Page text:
What makes something a tagine? Well, it depends on what you’re talking about. The term ‘tagine’ (or ‘tajine’) refers to a North African conical clay pot and a North African slow-cooked stew with a characteristic blend of sweet and savoury spices.
Tagines are common in countries such as Algeria and Morocco, but they have become increasingly popular the world over – and, yes, we’re still talking about both kinds of tagines.
While the elongated cone-shaped tagine pot may look striking, the benefits of its design go beyond aesthetic appeal. The wide, shallow base combined with the tall conical lid causes steam to rise into the cone, condense, and trickle down into the dish. The result: an incredibly tender and aromatic stew. Plus, you can use it on the stove and in the oven, much like a Dutch oven. Handy.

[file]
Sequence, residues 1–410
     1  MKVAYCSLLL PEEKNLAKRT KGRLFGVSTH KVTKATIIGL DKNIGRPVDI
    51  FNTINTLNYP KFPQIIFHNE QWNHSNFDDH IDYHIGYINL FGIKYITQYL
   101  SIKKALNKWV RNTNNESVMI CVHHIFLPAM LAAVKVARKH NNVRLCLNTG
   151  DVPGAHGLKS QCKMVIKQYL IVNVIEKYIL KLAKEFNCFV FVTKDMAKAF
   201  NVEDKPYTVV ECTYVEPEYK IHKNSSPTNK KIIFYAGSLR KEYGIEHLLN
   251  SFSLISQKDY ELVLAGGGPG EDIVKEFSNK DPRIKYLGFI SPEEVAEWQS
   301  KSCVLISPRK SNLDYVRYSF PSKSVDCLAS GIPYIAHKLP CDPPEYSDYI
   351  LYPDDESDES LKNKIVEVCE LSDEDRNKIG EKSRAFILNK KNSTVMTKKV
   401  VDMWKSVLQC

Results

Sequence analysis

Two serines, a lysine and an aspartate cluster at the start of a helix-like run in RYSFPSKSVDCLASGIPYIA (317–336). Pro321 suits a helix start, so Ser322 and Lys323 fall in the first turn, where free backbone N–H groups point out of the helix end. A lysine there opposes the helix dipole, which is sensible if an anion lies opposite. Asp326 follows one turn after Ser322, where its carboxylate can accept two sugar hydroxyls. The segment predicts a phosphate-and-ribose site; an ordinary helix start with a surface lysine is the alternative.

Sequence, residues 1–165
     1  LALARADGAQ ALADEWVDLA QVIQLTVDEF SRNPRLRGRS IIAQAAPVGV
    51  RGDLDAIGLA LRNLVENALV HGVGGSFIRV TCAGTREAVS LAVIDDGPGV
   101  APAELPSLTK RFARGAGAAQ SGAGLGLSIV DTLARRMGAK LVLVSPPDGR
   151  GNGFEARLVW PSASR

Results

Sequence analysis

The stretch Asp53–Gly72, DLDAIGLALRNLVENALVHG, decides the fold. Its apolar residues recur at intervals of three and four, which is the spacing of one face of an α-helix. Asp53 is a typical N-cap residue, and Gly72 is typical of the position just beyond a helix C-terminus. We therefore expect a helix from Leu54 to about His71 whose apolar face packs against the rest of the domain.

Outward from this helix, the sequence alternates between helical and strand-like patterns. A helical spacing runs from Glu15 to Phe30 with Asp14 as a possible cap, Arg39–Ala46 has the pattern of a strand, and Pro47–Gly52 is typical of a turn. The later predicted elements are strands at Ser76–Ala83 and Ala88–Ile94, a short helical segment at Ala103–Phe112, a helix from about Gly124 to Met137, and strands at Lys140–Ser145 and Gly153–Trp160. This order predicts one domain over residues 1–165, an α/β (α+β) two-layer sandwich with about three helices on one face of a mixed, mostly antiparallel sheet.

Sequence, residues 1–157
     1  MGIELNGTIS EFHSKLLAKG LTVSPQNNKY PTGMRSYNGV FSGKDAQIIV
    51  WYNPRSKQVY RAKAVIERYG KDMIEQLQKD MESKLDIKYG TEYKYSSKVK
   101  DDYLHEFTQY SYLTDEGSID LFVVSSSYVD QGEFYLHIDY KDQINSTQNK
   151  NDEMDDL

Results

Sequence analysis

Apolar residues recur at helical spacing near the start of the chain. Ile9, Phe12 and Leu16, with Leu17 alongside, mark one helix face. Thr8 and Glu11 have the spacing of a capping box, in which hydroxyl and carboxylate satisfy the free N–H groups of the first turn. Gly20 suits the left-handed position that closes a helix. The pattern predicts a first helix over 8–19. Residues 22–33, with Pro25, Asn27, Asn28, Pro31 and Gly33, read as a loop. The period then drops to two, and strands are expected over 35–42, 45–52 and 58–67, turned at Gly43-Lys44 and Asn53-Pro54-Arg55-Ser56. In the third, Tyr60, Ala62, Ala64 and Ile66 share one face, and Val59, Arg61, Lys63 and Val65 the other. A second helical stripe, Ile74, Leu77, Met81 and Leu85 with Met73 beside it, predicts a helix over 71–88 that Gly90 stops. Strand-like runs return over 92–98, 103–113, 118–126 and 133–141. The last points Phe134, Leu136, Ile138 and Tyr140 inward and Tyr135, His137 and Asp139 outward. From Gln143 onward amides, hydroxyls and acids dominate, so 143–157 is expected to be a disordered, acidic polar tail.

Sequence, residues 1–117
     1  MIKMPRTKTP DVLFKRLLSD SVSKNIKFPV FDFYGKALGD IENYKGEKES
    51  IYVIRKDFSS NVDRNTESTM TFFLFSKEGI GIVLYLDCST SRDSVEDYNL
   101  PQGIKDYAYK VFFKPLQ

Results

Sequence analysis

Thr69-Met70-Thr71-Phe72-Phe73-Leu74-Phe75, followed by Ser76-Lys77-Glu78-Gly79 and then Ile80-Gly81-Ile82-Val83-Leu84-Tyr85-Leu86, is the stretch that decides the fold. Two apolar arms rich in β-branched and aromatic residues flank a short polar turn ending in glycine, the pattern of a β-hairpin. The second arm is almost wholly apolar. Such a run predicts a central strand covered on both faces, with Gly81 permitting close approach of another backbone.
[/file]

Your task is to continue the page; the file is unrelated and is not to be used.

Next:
Don’t have one? You can still make a tagine – and our best tagine (and tagine-inspired) recipes prove it. From a chicken tagine served with couscous and a speedy Moroccan tagine recipe to Neil Perry’s spring vegetable tagine and a hearty lamb tagine for winter, these tagines aren’t defined by their cookware.